Sea of people fills Moscow in search of 'free Russia'
Clutching white balloons and banners calling for "Free Elections", a sea of Russian protestors against Vladimir Putin on Saturday thronged a Moscow avenue named after dissident Andrei Sakharov.
The rally to oppose Putin's tight grip on Russia's political system passed amid a festive atmosphere, with guest appearances by a famous socialite, a former chess champion and even Father Christmas.
But there was no doubting the seriousness of the huge crowd, who called for the annulment of parliamentary elections held this month and proclaimed on banners that "We awoke and this is only the beginning".
The mass of people extended all the way down Moscow's Sakharov Avenue -- named after the Soviet nuclear physicist turned dissident -- and for hours they peacefully listened to an unexpectedly diverse range of speakers.
Addressing them from a giant stage were former finance minister Alexei Kudrin, glamorous socialite Xenia Sobchak, former chess champion Garry Kasparov, anti-Kremlin blogger Alexei Navalny and novelist Boris Akunin.
At the end, a speaker dressed as Father Christmas, known to Russians as Grandfather Frost, appeared, rousing the crowds with slogans such as "Russia without Putin" and declaring that next year there would be a "Free Russia".
Despite the winter chill, the crowd was energised.
"We have understood that we can mobilise. It is impossible to stop a crowd like this," said Andrei Luzhin, 32, one of the protestors.
Some people climbed on trees, lamp posts and even on top of traffic patrol booths to see better, the elderly passing around flasks with steaming tea and the younger generation dancing in step to keep warm in the winter wind.
Two weeks earlier, the opposition had succeeded in holding their first mass protest at a location close to the Kremlin in the biggest show of public discontent in Russia since the turbulent 1990s.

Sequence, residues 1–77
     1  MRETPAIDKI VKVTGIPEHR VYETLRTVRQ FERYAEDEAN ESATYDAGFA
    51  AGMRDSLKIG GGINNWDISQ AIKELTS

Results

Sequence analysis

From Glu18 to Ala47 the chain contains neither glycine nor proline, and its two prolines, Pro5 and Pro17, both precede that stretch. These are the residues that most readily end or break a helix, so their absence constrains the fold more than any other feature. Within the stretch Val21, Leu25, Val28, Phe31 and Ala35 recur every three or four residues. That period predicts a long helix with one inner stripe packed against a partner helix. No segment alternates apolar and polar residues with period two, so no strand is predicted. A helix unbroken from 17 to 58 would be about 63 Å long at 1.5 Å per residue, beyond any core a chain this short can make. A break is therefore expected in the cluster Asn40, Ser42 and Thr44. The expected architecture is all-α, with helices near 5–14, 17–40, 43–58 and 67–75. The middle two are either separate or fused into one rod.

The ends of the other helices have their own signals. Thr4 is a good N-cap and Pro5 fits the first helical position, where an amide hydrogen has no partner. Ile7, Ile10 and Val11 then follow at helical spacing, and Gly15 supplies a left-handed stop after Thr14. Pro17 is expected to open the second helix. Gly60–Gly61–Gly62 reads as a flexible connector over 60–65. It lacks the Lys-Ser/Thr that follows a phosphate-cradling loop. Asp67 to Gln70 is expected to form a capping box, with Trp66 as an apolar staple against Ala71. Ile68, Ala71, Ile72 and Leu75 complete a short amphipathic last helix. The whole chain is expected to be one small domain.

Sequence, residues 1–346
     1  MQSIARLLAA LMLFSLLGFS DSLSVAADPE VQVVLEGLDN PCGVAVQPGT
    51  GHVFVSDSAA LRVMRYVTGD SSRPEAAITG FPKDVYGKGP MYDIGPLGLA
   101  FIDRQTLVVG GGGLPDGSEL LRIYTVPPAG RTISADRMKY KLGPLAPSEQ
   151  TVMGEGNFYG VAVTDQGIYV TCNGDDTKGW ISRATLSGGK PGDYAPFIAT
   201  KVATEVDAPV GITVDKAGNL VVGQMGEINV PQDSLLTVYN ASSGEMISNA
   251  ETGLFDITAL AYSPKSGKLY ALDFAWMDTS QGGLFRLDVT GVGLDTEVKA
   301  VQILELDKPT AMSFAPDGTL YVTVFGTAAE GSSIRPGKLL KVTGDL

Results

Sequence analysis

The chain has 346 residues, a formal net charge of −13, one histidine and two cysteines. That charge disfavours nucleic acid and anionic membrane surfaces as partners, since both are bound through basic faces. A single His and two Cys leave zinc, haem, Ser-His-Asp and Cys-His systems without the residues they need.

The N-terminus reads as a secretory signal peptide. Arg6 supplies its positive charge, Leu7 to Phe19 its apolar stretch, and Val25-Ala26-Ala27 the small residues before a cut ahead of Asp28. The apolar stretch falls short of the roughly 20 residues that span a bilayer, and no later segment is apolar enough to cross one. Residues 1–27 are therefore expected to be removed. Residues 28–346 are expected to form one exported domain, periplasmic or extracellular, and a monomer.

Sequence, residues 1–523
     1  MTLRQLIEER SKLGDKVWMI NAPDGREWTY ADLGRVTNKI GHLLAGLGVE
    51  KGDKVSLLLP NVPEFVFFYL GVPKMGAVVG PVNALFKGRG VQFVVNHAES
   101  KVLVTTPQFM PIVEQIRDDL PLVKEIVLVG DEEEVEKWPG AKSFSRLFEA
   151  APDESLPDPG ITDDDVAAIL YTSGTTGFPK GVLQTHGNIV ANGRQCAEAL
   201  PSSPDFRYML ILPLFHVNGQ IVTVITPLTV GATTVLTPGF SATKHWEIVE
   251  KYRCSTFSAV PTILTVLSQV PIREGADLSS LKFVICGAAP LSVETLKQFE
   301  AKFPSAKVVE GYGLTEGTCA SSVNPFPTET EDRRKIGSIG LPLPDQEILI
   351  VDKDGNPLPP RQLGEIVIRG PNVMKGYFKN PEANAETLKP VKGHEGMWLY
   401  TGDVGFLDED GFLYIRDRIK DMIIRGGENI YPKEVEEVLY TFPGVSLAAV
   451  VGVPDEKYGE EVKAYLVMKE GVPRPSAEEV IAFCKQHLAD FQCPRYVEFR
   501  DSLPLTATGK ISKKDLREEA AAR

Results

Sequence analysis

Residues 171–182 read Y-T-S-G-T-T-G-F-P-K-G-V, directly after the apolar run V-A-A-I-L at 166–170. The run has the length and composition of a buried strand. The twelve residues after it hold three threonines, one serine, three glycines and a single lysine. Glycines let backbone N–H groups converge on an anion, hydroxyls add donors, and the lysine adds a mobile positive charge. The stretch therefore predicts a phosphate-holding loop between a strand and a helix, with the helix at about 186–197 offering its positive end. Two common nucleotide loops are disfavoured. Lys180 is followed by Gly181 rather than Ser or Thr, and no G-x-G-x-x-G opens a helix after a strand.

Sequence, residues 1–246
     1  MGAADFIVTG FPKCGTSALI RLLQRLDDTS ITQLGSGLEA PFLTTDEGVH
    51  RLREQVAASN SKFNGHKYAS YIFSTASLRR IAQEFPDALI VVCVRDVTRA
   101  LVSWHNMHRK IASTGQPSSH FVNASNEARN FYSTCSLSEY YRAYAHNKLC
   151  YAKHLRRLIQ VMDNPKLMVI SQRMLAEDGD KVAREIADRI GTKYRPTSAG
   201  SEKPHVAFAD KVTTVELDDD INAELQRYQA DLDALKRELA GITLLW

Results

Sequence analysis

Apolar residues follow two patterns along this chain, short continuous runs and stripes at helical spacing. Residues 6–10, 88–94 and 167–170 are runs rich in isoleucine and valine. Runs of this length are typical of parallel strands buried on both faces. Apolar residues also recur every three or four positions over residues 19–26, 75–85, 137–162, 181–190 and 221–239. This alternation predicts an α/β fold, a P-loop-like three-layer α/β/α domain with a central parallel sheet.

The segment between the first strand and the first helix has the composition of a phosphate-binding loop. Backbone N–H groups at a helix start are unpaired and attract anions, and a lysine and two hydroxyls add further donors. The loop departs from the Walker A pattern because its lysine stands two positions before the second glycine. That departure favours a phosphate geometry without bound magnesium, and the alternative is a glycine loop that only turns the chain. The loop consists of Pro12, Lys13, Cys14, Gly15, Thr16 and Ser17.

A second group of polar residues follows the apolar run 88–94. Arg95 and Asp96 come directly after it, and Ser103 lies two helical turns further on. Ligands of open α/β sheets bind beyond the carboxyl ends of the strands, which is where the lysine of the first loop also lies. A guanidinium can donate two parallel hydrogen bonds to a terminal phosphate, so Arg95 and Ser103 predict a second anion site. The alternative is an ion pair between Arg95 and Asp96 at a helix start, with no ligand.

"People were scared before the first big demonstration on December 10. Now they no longer have fear," Luzhin added.
Provocatively, some protestors held up pictures of Putin with a giant condom draped over his head in the style of an Egyptian pharaoh, in reference to his sneering dismissal of the rallies as resembling an anti-AIDS campaign.
Others walked around with signs reading "I was not paid by the State Department" -- a reference to Putin's angry charge that the opposition was being funded by the West.
"Putin resign! Russia without Putin," the crowds chanted using slogans that would have been impossible without fear of arrest just weeks before.
"In our country people are scared of saying what they think," said another protestor, Olga Dolgacheva, 32. "But the future belongs to those who get up early. That is why I am here."
Akunin -- a novelist prominent abroad for his 19th century historical detective novels -- asked the rally: "Do you want Vladimir Putin to become president once again?"
"No," the protesters roared backed.
"Mr. Putin, the entire Russia will be crying this out to you tomorrow," said Akunin, author of works including the "Winter Queen".
Chess master Kasparov, one of Putin's most virulent critics in recent years, said that the presidential elections of March 4, where Putin intends to stand, would mark a "turning point" in Russian history.
"The authorities are scared because we are no longer scared," he said.
"Today, we see like never before -- we are many and they are few."
Police boasted that they had ensured security and said there were no arrests -- a stark contrast to the crackdowns against almost every single opposition demonstration in Moscow until this month.
"I am shocked. I was so nervous before coming here that the people would not show up," said former television host Olga Romanova, who helped stage the event.
"But I am so happy that we are all here -- that we have all made it," she said softly as the crowd roared. "Now, things simply have to change."
© 2011 AFP